College has become for the children of the middle class what the Army is for working class kids—something to fill those awkward years between high school and the first divorce, less a place to prepare for a productive life than to escape from one. Ronald Leglon is associate vice-chancellor for academic affairs at the University of Illinois at Chicago, and thus a man who is obliged to think deeply about such things. Says Leglon, "One could theorize that in poor economic times education itself becomes an attractive alternative to the job market."
In a recession, community college students who might have gone straight into a job often opt to stay in school. At the other end of the enrollment spectrum, graduate school applications have risen nationwide as jobless BAs and BSs seek a safe haven where loan repayments will be deferred while they wait for the job climate to improve. Thus we have the phenomenon of the double major, sought by students eager to protect themselves in a job market in flux; some private colleges in the East are offering premed programs for liberal arts majors in their 30s who are bored with their first careers or unable to find jobs that meet their income expectations.
Colleges are doing booming business training people for jobs that don't exist. Says Leglon, "We've seen a significant increase in the number of applicants, particularly from transfer students and graduate students. An amazing surge in fact. It's totally unexplained. We face a problem even processing them all."
These are dubious trends from the point of view of everyone who isn't a college admissions officer. More and more jobs these days require a college degree even though few of them require a college education. Academic lily-gilding keeps talented people out of productive work and adds to their personal debt (not to mention encumbering taxpayers with subsidies) for training that may be redundant or tangential to their ultimate career.
The old warning, “caveat emptor,” might protect more of our families from overspending—if we still taught Latin in high school and they understood what it says. In 1989, a skeptical Arnold Weber, Northwestern University's president, asked a Washington audience whether college consumers "are so ignorant that they cannot approximate the difference between tuition and the quality of education at different institutions." The answer, according to Pascarella, is, "You bet." His study concluded that like students do not learn significantly less at public colleges than they learn at equivalent private schools, other factors being equal.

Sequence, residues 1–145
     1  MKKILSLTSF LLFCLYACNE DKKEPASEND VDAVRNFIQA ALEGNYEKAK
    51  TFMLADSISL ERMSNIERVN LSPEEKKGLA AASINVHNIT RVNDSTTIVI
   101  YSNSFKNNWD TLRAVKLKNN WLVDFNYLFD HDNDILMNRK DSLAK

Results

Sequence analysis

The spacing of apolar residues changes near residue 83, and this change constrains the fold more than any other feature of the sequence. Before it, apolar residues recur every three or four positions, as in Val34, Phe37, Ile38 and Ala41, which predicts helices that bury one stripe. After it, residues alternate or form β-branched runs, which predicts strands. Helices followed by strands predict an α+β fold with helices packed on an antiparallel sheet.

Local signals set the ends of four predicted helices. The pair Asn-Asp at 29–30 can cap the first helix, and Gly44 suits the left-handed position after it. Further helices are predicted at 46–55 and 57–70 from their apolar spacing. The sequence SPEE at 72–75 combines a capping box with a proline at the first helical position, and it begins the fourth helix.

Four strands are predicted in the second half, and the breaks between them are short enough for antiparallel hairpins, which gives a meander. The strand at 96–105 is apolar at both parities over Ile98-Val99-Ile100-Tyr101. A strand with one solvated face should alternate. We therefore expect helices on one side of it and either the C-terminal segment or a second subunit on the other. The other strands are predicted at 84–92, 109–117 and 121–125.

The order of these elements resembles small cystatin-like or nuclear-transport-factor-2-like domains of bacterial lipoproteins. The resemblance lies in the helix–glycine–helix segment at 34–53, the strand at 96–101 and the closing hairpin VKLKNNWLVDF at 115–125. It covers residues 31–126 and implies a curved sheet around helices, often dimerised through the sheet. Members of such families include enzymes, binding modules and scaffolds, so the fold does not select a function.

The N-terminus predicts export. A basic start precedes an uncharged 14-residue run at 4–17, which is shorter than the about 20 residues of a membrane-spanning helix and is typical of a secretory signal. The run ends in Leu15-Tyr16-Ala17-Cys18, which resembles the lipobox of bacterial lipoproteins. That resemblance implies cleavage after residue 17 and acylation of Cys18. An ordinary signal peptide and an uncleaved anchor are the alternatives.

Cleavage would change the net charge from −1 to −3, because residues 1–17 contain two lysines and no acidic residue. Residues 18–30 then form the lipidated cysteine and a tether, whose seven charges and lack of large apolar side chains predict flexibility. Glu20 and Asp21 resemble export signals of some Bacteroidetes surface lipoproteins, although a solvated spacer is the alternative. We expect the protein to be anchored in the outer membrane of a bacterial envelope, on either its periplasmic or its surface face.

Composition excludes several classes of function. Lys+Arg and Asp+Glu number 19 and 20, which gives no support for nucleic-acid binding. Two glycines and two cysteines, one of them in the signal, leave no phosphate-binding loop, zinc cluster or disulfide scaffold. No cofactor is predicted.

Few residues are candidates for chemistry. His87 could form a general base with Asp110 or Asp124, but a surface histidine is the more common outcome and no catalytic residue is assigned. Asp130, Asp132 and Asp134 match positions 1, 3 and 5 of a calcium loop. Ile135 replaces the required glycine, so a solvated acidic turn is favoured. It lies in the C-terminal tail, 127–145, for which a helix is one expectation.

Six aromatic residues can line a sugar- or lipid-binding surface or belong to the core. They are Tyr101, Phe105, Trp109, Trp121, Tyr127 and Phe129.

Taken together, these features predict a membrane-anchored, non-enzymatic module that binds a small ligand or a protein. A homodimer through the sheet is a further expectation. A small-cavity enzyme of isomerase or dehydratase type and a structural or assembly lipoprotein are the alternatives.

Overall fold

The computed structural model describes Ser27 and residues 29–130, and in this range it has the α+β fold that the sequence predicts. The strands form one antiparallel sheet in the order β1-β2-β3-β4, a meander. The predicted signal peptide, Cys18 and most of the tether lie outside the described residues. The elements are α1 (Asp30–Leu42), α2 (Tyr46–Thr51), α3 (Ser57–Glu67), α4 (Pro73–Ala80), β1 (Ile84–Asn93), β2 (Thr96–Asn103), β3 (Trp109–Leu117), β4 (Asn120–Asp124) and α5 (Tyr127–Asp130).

Referring to the fact that undergrad tuition at top private schools runs twice the tab at the equivalent state schools, Pascarella says, "I remain skeptical that a kid who goes to U of I or Indiana gets an education that's only half as good as one he would get at Northwestern or Chicago." Family background and intelligence seem to matter much more in determining future success than even the most expensive college education. "If you took the incoming class of Harvard and distributed them randomly nationwide among all kinds of colleges and checked 20 years later," says Pascarella, "you'd still find a pretty successful bunch of people."
The moral: Spend on your kid's education at two-tenths of what an Ivy League degree costs when he's twenty and everybody looks like a genius. ●